Khashoggi death 'a terrible tragedy' but should 'separate' from Saudi Arabia's potential, Russian wealth fund chief says

  • "There is an investigation and the responsible people will, I'm sure, be punished," Kirill Dmitriev, CEO of the Russia Direct Investment Fund (RDIF), told CNBC's Hadley Gamble in Riyadh Tuesday.
  • Dmitriev said RDIF supported the crown prince's economic reform program, Vision 2030, and said he thought it was "important to send a supportive message" to the reforms and to the kingdom.

The killing of Saudi journalist Jamal Khashoggi is "a terrible tragedy," the chief executive of Russia's $10 billion sovereign wealth fund told CNBC, but added that it should be separated from the Saudi leadership and the kingdom's economic potential.

"There is an investigation and the responsible people will, I'm sure, be punished," Kirill Dmitriev, CEO of the Russia Direct Investment Fund (RDIF), told CNBC's Hadley Gamble in Riyadh Tuesday.

"But for us, it's important to recognize that Saudi Arabia has made a great transformation over the last three, four years under the leadership of the King (Salman) and Crown Prince Mohammed bin Salman," he said.

Dmitriev said RDIF supported the crown prince's economic reform program, Vision 2030, and said he thought it was "important to send a supportive message" to the reforms and to the kingdom.

"Yes, it was a terrible tragedy but we need to separate one from another," he said, speaking to CNBC from the Future Investment Initiative (FII) in the capital of Saudi Arabia. The investment forum kicked off on Tuesday despite a large number of high profile delegates pulling out from the event following the death of Jamal Khashoggi on October 2.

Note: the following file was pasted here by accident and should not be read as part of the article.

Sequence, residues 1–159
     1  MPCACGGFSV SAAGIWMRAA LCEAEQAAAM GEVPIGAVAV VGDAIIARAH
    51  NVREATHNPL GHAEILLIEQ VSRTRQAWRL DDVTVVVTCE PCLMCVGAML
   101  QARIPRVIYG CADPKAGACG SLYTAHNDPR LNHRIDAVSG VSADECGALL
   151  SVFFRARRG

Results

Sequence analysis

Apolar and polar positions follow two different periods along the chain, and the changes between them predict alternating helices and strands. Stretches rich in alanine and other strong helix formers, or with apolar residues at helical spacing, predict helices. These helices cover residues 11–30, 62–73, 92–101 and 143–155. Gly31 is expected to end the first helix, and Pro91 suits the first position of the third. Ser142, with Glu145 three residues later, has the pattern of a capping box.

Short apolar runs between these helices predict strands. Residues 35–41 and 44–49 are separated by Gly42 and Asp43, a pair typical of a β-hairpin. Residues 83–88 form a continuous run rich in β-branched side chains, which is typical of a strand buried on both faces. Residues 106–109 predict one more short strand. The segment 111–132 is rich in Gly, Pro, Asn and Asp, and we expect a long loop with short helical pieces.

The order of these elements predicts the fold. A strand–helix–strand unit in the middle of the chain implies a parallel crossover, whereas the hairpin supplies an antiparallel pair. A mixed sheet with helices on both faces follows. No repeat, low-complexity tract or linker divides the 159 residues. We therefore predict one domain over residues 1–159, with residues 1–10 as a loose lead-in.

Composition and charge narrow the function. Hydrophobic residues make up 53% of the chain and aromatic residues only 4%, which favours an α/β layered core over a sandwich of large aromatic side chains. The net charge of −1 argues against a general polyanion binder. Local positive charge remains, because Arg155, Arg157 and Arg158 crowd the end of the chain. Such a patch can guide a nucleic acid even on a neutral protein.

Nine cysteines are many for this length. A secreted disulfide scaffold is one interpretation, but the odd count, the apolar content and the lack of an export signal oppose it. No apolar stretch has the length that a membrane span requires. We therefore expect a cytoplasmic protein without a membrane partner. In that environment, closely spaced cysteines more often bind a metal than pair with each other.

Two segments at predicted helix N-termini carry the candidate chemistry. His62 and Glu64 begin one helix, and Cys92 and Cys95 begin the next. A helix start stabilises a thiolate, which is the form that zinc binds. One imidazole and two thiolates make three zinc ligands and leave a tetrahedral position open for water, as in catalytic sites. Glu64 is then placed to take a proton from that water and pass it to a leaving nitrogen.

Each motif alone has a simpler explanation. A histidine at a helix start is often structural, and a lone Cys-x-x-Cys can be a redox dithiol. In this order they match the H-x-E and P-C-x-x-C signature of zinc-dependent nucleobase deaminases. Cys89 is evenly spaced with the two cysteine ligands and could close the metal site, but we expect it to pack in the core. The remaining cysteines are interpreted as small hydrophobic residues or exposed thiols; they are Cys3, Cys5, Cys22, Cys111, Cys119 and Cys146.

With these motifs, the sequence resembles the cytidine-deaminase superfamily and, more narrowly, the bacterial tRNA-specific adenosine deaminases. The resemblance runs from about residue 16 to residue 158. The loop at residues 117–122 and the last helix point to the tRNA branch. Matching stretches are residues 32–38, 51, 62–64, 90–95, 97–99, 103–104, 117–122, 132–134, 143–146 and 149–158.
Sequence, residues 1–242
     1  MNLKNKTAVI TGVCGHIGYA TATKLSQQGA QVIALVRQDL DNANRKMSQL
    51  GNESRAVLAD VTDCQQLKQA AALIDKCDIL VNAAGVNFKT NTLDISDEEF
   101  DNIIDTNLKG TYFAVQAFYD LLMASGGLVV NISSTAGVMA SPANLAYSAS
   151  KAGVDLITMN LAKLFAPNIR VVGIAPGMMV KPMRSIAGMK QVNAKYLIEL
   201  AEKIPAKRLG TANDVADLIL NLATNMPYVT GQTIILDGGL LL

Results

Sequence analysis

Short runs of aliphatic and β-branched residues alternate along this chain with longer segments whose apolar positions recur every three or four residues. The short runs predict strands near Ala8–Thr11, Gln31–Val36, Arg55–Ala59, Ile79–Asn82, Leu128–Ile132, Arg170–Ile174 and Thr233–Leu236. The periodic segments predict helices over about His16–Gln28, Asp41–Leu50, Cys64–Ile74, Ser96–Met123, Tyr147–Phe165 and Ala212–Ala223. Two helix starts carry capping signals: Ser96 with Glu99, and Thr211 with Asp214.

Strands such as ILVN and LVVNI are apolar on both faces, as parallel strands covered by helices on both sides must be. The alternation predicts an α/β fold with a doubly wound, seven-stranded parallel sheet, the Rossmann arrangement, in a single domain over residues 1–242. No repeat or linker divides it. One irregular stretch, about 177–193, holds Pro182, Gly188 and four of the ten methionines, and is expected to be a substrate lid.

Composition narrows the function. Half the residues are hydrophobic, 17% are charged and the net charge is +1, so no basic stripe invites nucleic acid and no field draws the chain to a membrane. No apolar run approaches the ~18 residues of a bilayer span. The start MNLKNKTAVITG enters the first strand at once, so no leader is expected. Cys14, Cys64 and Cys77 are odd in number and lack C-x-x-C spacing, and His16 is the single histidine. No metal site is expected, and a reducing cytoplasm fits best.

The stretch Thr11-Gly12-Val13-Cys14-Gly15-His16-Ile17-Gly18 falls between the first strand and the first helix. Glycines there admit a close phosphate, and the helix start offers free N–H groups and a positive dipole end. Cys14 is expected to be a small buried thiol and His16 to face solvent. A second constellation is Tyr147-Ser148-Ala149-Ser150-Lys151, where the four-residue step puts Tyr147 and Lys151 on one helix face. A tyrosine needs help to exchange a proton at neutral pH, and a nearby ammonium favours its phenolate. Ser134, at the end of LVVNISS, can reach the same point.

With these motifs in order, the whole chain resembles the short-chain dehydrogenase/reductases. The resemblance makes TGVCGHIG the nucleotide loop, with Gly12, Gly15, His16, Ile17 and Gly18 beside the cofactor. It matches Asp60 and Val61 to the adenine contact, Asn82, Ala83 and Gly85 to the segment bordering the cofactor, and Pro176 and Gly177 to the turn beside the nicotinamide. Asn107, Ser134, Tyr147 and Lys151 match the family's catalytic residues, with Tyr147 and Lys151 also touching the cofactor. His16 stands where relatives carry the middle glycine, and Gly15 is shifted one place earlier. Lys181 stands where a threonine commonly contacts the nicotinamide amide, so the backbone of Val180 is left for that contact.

The Saudi journalist was a well-known critic of Saudi Crown Prince Mohammed bin Salman and died within the Saudi consulate in Istanbul.

Saudi Arabia's Deputy Crown Prince and Defense Minister Mohammed bin Salman (2nd L) takes his seat to meet with U.S. Defense Secretary James Mattis and his delegation on April 19, 2017 in Riyadh, Saudi Arabia.
Jonathan Ernst - Pool | Getty Images
Saudi Arabia's Deputy Crown Prince and Defense Minister Mohammed bin Salman (2nd L) takes his seat to meet with U.S. Defense Secretary James Mattis and his delegation on April 19, 2017 in Riyadh, Saudi Arabia.

The circumstances surrounding his death are not yet known but Turkish investigations have pointed to a 15-man strong "hit squad" having traveled from Saudi Arabia to carry out the killing.

Saudi Arabia first denied any knowledge of Khashoggi's death but on Friday claimed that he had died in a fight in the consulate. Turkish President Recep Tayyip Erdogan said Tuesday that there was strong evidence to show the killing was pre-meditated, making it murder.

Dmitriev said it is a "great mistake" to speculate about the circumstances around Khashoggi's death.

Despite a lower turnout than there might have been at the FII, Dmitriev said that "a lot of executives from the U.S. and Europe," as well as a big Chinese and Russian delegation, were in Riyadh and interested in partnering with Saudi Arabia.

"We think it's impossible to ignore the economy and many people want to partner on many subjects so we're sure that business will continue," he added.

He said he was concerned about the unconfirmed speculation in the media, repeated without verification. "Until the investigation is finished, there are a lot of unsubstantiated rumors and we want to make sure investigators finish their work transparently and clearly."